The second-row bench has some tilt built into its bottom cushion, which softens the flatness of the seat, and it's also heated. The 2014 G-Class is carried over in base form as the G550, powered by a 5. Once off-road, you can place the two-speed transfer case into low and have plenty of power and traction to deal with surprisingly steep grades and rugged terrain. Mercedes has advanced the looks of the G-Wagen just enough to make it recognizable as a modern vehicle, rather than a compromised version of a military workhorse. Two G Class models are defined by their powertrains. The appeal of the G-Class clearly rests in its extreme off-road talents. Mercedes also bundles more safety technology into the latest G Class, including its Tele Aid system, which provides emergency and theft-tracking services.
Anti-lock brakes with brake assist and electronic brake force distribution along with stability control are standard in the 2014 Mercedes-Benz G-Class, as are side-seat and curtain airbags. Acceleration is strong and, unlike the old G500, doesn't fall off at highway speeds. It's a small segment, and the G-Wagen stands out in the crowd with its flat sizes, tall roofline and relentlessly rectangular profile. They offer versatile adjustment options and a firm grip for the driver. The regular shapes, flat door panels, and tall glass areas keep the bygone flair intact, but hosing it out after a day completely off the beaten path? The G550 also has ambient lighting; auto-dimming rearview and driver-side mirrors; stainless-steel running boards; rain-sensing wipers; an integrated garage door opener; and walnut trim. Those who venture off-road will appreciate its gargantuan 391 lb-ft of torque, which is reached at a low 2,800 rpm.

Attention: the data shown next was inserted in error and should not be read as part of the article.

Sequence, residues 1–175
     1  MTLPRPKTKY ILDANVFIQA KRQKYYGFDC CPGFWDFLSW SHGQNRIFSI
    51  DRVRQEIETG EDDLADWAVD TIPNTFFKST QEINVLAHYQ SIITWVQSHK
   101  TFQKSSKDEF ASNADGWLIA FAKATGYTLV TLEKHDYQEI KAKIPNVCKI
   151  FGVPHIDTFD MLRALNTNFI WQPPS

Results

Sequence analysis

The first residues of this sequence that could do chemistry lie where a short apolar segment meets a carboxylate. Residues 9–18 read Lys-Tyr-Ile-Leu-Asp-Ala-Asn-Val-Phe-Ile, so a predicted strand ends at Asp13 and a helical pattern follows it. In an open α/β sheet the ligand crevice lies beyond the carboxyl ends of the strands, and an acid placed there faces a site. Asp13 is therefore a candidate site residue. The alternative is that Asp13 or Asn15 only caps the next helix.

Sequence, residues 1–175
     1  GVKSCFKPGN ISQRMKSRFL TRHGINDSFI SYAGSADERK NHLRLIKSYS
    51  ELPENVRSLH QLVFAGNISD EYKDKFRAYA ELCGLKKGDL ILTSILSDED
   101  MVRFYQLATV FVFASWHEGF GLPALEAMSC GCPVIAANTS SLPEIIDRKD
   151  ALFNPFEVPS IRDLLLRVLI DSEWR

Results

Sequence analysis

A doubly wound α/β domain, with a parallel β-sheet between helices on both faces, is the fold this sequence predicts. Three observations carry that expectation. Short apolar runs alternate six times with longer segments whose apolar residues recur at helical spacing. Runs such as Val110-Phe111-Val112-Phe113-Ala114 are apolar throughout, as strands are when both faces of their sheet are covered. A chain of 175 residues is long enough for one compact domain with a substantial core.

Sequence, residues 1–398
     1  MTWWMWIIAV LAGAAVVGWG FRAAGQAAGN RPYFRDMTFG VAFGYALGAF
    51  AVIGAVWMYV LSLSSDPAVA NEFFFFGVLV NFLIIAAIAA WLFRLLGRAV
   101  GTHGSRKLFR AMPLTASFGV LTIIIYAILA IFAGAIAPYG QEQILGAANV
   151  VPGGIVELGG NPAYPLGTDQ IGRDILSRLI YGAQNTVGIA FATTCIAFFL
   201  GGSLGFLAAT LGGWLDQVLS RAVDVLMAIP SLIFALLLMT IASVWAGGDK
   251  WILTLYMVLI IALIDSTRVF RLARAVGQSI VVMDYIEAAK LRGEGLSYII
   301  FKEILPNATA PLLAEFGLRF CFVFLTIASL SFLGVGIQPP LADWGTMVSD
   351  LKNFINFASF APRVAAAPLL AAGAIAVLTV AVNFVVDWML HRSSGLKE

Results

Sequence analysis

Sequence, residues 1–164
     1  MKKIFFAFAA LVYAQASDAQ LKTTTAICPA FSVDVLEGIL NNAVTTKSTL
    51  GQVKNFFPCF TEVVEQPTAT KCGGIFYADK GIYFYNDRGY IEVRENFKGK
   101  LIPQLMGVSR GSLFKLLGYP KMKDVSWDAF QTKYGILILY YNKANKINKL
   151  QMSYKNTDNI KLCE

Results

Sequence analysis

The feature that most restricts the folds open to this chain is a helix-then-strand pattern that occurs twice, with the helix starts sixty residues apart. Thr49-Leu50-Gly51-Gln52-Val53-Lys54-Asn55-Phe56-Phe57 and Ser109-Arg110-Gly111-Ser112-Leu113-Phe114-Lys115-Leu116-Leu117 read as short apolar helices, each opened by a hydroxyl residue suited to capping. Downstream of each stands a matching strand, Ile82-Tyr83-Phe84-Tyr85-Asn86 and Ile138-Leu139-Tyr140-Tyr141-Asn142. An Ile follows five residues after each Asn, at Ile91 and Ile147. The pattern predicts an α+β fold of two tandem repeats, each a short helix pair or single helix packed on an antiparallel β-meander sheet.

It's upholstered in leather, with a heated wood and leather steering wheel, power-adjusted for height and telescopic length. One of the more storied production vehicles still available, the Mercedes-Benz G-Class was adapted from an iconic military-only off-roader. Neither of the organizations that crash-test vehicles to assess their safety have rated the 2014 G-Class, but we're giving it high marks thanks to its sheer mass and long list of safety features. The 2012 G-Class will accelerate from rest to 60 mph in about six seconds, which is amazing for such a heavy vehicle. The G Class' stability control and four-wheel-drive system provide more than an extra dose of safety when driving in heavy-duty or off-road situations.
But be warned: Though it competes with luxury giant Land Rover's Range Rover, the G550 does not return the same refined ride or quiet cabin. The likely combined scores are the reason we've given the G Class a green score we typically reserve for supercars. The cabin has better small-item storage, at least, though the cup holder is definitely an ad-hoc affair--it's a mesh bag hanging on a plastic ring to the right of the center console. If you're seeing a military-grade Jeep on the outside, then take a look inside for the real shocker—the G-Class' interior is every bit deserving of its Mercedes-Benz nameplate. Originally designed for use as a military vehicle, the G-Class found its way to U.
A strong contender in any field, the 5. . The gas pedal requires a hefty foot too, and so do the brakes. The top-heavy feel and hefty controls demand attention, though electric steering feels lighter than the former recirculating-ball setup. It's all straight lines and no curves.